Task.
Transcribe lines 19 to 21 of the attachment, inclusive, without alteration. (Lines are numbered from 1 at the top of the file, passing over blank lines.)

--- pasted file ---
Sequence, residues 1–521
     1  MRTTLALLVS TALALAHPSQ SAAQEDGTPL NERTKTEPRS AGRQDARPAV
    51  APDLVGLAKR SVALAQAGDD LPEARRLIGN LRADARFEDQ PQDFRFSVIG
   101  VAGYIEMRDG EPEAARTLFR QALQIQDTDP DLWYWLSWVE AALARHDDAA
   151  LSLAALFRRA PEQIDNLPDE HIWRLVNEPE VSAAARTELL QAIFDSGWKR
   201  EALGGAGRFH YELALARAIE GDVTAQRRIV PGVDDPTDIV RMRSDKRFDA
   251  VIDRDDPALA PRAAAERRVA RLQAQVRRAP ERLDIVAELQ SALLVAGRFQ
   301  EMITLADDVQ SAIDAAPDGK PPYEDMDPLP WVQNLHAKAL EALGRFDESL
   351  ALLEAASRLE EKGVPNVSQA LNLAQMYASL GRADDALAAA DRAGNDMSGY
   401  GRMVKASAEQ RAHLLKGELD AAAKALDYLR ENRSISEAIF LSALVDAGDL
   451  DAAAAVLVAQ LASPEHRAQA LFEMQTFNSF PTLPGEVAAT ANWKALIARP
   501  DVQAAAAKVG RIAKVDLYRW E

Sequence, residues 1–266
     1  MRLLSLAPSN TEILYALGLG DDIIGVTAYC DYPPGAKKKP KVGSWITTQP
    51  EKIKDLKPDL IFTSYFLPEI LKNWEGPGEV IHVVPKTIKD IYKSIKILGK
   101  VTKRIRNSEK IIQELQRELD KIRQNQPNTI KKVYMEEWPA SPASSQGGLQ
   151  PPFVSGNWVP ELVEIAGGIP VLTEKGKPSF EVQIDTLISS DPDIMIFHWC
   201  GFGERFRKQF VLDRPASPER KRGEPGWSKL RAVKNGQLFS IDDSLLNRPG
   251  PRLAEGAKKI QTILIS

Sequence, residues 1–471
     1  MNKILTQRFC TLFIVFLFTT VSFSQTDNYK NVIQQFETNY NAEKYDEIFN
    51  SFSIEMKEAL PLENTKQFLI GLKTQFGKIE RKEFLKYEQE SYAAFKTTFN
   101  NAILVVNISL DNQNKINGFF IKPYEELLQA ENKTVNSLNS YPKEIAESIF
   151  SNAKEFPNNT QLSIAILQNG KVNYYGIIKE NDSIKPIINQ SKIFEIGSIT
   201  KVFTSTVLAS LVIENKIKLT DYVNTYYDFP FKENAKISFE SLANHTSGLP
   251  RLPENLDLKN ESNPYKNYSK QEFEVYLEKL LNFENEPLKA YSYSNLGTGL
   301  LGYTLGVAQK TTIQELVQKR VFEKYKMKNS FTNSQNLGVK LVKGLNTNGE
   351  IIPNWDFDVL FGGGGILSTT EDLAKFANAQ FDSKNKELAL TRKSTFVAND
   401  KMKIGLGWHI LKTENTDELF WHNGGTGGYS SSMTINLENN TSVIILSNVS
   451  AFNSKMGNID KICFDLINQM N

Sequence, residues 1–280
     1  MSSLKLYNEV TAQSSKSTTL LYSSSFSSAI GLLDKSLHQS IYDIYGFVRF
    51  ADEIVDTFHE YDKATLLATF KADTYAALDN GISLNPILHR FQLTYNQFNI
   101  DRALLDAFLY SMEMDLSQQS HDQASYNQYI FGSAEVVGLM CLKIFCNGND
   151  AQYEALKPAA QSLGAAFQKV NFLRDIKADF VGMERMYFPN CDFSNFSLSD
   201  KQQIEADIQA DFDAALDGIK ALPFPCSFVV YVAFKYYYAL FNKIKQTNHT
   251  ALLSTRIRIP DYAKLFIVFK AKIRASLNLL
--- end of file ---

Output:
   251  PRLAEGAKKI QTILIS

Sequence, residues 1–471
     1  MNKILTQRFC TLFIVFLFTT VSFSQTDNYK NVIQQFETNY NAEKYDEIFN